We recently applied this to a business problem that required an organization to quickly — and with no notice — stand up a website to collect hundreds, or potentially millions, of submissions from the general public. Our use case focused on law enforcement and the sorts of emergency response situations we’ve seen all too often in the news, such as the Boston Marathon bombing. When local, state or federal authorities respond to criminal acts, they seek to quickly collect vast amounts of input from the public. This input can be in the form of tips, photos, videos or any untold number of observations. Agencies need the capability to surge their IT tools and applications to collect the data, store it, and run analysis tools against the collected content to harvest information.
Solution Summary & Benefits
Our solution sought to achieve three objectives:
- Quickly provision a custom-branded website and publish it to the Internet within 15 minutes.
- Auto scale the environment based on public response.
- Allow the agency involved to leverage Big Data tools to find the really interesting and useful information.
- Minimize up-front capital investments.
The result is our Azure-powered proof of concept that allows non-IT staff to fill out a form and create a website that’s ready in under 15 minutes, auto scales on demand, leverages Big Data, and requires little upfront investment and no infrastructure costs. The site works on any device, supports any type of attachment, and can handle nearly “infinite load” without building out a massive IT infrastructure.
Note: Hosting this solution in your own datacenter would be like generating your own electricity – while it is certainly possible, it is far more expensive and less efficient than simply paying per kilowatt from an existing utility company that packages production, distribution and service. To ensure that we can utilize this approach for our clients, we built it out, loaded it with 25 million submissions, mashed it up with two other data sources, and created visual data analysis output in Excel.
How it Works
For our solution, we leveraged Microsoft Windows Azure, using Visual Studio and PowerShell. We selected Azure for our solution so we could leverage IaaS for storage and PaaS for the websites and Big Data solutions. By leveraging PaaS (vs. IaaS), we do not need to patch our servers or maintain them.
Users inside the agency log into the solution’s web portal, which is simply an ASP.NET Single Page Application (SPA) hosted as a Windows Azure Website. This website is designed to be left running at all times so it is ready when an event warrants its use. It’s a site with few users, little load (in fact, no load most days), and costs practically nothing to leave online. The user then completes a simple form that creates a website (including custom branding, if desired).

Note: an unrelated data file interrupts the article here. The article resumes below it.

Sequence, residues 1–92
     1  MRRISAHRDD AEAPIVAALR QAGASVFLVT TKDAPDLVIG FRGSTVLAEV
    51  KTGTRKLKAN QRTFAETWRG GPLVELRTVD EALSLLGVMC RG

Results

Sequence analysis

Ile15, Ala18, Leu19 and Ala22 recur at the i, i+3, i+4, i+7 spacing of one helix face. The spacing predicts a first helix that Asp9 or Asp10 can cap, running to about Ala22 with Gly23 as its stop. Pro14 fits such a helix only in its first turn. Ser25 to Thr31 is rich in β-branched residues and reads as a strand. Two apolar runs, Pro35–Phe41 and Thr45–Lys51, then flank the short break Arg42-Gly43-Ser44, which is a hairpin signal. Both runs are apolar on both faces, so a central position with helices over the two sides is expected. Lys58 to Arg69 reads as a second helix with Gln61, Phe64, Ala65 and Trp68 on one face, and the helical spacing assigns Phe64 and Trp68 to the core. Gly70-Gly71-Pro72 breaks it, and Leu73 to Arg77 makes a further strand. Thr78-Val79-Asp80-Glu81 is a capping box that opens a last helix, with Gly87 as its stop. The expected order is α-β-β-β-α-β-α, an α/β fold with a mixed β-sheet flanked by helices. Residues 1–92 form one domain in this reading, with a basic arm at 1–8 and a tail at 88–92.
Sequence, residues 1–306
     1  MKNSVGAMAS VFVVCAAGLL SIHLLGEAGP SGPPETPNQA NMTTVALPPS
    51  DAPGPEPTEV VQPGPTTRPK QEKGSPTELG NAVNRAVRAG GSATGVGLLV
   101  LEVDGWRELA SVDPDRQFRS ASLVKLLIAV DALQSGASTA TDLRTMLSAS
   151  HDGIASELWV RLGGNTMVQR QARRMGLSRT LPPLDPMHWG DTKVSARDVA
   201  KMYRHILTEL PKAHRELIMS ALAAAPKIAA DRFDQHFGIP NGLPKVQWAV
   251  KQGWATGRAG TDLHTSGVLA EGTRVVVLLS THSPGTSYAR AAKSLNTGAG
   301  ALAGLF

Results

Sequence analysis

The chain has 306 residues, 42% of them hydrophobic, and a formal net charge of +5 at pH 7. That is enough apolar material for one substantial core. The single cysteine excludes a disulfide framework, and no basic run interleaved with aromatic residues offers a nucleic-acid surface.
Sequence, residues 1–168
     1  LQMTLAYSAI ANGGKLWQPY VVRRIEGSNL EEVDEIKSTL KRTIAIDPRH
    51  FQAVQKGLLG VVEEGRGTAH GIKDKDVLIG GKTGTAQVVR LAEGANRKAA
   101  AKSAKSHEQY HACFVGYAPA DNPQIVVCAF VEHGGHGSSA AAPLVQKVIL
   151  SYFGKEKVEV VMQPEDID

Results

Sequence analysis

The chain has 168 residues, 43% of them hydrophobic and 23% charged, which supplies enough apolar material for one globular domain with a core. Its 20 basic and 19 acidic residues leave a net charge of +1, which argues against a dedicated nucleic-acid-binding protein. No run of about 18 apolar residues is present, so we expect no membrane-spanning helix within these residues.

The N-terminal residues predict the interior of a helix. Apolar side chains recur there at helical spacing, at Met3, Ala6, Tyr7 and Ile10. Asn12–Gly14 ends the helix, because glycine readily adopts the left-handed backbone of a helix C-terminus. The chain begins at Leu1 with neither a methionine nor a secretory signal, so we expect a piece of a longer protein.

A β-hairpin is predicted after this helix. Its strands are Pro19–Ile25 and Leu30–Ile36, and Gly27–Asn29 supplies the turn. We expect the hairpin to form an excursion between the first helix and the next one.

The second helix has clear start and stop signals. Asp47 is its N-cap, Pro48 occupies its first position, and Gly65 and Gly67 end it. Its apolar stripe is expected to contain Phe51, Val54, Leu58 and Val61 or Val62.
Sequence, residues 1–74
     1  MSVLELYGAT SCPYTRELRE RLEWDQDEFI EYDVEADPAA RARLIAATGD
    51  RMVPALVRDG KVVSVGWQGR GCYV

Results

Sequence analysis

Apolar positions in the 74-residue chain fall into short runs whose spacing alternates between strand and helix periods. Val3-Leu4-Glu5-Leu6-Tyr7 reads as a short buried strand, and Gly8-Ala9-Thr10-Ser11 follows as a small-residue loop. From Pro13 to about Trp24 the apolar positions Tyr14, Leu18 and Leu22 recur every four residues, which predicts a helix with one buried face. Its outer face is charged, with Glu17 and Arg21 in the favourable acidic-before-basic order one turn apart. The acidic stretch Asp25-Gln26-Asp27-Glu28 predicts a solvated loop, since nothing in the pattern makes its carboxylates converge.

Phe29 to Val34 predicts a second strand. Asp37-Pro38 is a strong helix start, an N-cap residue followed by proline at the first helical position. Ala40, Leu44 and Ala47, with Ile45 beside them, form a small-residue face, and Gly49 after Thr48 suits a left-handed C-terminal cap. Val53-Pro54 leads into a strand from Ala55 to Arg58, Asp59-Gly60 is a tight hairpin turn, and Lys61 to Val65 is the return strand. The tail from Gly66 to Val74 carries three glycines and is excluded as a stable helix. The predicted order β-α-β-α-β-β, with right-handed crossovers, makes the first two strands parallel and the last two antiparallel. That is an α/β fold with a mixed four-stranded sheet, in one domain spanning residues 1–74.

Once submitted, AIS-written code and PowerShell scripts create all the necessary resources on Azure. In about 15 minutes, two (or more) websites are created, load balanced across different data centers, and available to the public to use.
The websites are like the portal site in that they are SPAs running as Windows Azure Websites on the PaaS offering. High availability and load balancing is achieved through Azure Traffic Manager, which routes users to datacenter closest to the user, or an alternate location if the site is not available for unplanned reasons. As users submit data to the website, the data is stored on Azure Blob storage and is automatically replicated so both datacenters contain the full set of data. At last check, the cost of this storage was eight cents per GB, per month!
To simulate load, we uploaded 25 million records in our proof of concept site. Even under this tremendous load, our solution worked as designed because Azure scaled up our resources, then reduced them back down once we cut off our loading process. With 25 million records collected, we were now ready to start the real work: Looking for the ones that matter amongst all the noise.
To search through this vast data collection quickly, we applied Azure’s HDInsight solution. We provisioned a 16-node cluster to utilize parallel processing capabilities to quickly (under six minutes) execute a Hive query from Excel to our 25 million item data collection. The query returned a few hundred thousand rows of data that we wanted to examine closer and cross reference with other data collections. At this point, we stopped our HDInsight cluster (to avoid paying for this while we were not using it), and pointed our Excel workbook at two Open Government data sources on the Internet provided by the FBI and the Census Bureau to cross-reference our collected data with other datasets. Using PowerView and PowerMap in Excel, we quickly lined our collected data to the external data, and had animated maps and pivot table capabilities in the hands of our analysts.
Why it Matters
Being ready for a large-scale data collection website requirement that you know will come, but have no idea when, how often or for how long is a lot like planning for snow in southern states that rarely see more than an inch or two. Buying and maintaining a fleet of vehicles and equipment for the occasional foot of snow that comes every 20 years hardly makes sense. Planning, buying, and maintaining IT Infrastructure to support surge capacity is no longer required (or even for normal capacity for that matter).
For our clients, this solution ensures good stewardship of taxpayers’ dollars by only paying for the computing capacity that is actually used, utilizing agile reactive capability to respond to world and local events, drastically reducing operations and maintenance costs, and removes the nearly impossible tasks of scaling out infrastructure on demand during periods of intense public scrutiny.